Who is he?
Frankie Howerd is a totemic figure in twentieth-century British popular culture. As a performer in variety and music hall; radio; musicals; cabaret, television; and film, he is a familiar and much-loved part of our comic landscape. It is easy to forget, when his catchphrases and style have become so familiar, how radical and disruptive Howerd's approach was in the early years of his career. In fact, as his biographer Graham McCann has said, Frankie Howerd changed the face, construction and interpretation of comedy in the UK. What is perhaps less well known is the fact that Frankie was born in York, and that’s why we’re delighted that his archive has finally ‘come home.’
Howerd was born Francis Alick Howard on 6th March 1917, at the family home in Hartoft Street, York. His father, Francis Alfred William Howard, was a regular soldier stationed in the city, whilst his mother Edith worked at the Rowntree’s chocolate factory. Howerd spent the first two and a half years of his life living in the terraced house on Hartoft Street, before his father was posted to Woolwich and the family moved to Eltham, London. He is known to have retained his fondness for York, however, as his mother’s family were still resident in the city. As a result, he returned on multiple occasions for family holidays.
Mark Addy unveiling the Frankie Howerd plaque in Hartoft Street (credit: York Civic Trust, 2016)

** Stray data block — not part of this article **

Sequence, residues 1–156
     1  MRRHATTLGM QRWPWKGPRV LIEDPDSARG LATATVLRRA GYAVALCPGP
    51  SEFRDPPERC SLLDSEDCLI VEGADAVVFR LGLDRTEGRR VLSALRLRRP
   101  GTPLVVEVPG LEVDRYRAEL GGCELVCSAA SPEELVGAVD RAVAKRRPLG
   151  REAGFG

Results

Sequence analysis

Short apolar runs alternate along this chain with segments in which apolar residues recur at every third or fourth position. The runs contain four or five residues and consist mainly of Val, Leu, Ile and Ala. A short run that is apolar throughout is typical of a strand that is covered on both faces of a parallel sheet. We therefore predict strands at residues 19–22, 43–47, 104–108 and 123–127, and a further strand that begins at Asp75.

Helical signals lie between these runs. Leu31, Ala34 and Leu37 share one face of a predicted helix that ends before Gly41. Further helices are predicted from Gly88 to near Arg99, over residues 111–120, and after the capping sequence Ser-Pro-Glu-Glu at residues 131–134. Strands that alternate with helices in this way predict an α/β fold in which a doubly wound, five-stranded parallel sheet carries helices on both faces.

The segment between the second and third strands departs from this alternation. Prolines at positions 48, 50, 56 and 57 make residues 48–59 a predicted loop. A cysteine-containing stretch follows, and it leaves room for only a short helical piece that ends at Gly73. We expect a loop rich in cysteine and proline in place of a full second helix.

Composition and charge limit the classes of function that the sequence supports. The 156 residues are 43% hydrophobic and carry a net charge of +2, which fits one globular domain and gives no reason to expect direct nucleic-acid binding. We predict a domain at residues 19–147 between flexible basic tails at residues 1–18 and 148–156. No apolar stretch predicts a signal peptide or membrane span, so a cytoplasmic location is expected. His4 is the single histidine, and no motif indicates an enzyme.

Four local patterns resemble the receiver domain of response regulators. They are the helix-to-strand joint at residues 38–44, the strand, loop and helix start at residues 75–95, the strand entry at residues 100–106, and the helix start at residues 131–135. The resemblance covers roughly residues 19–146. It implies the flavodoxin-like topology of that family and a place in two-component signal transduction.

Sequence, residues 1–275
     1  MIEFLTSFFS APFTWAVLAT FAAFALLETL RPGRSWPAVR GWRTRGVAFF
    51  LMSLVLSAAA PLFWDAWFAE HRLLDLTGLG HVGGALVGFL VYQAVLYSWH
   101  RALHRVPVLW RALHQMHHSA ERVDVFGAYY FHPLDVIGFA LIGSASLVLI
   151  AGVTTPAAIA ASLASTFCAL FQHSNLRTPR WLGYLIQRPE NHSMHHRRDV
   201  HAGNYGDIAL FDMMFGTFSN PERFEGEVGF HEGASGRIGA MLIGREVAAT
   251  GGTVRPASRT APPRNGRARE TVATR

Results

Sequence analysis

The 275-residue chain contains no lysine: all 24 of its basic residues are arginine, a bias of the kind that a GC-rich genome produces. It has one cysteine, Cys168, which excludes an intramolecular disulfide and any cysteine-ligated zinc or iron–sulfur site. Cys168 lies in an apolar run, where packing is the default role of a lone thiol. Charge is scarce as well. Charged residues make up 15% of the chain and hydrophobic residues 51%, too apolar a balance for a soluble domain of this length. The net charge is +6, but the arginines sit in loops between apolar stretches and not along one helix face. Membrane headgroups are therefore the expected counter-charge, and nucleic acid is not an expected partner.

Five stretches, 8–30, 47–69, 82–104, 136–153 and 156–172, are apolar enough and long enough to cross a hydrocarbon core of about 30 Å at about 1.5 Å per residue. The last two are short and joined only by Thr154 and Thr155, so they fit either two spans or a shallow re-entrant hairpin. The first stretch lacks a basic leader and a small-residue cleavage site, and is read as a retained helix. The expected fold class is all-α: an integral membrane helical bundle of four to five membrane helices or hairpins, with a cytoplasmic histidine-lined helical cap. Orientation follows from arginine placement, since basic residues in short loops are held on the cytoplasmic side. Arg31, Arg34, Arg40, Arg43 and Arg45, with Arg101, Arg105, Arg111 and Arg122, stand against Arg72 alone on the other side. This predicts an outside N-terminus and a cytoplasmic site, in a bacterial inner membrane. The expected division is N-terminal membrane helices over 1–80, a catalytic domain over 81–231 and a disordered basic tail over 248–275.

Howerd faced a number of set-backs during his professional life which enabled him to move between styles of comedic performance and remain relevant throughout the latter half of the twentieth century. A star on both radio and TV by the mid 1950s, an acrimonious breakup with his agent was the catalyst for a decline in fortunes that very nearly brought an end to his career. A new phase as a satirical comedian, with successful appearances at Peter Cook’s ‘Establishment’ club and on ‘That Was the Week That Was’, led to a resurgence in fortunes and another boom in Howerd’s fortunes. In the later 1960s and early 1970s, Howerd was in demand for stage musicals (‘A Funny Thing Happened on the Way to the Forum’); film (including ‘Carry On’ appearances) and new TV ventures, including ‘Up Pompeii’. At the end of his life in 1992, he was in another period of renewed popularity as an elder statesman of comedy, selling out performances at the Oxford Union and national theatre tours.
Howerd’s significance, then, comes in how he changed how we laugh. On his arrival on radio, comics were rapid-fire gag merchants. Howerd broke that mould, developing a performance style now familiar to us - bringing the audience in and making them, and their participation ostensibly a part of the show. On TV, he pioneered and perfected the art of breaking the fourth wall. To the viewer, Howerd was not just a performer, he was one of them; the outsider looking in, crystallising that very British sense of understatement, critique and levity. Comedy is often illustrated by the loss of, and attempts to retain, dignity. Howerd did that more than any other comic. Without Howerd (and his team of top-class writers), we would not have the comedy we have today.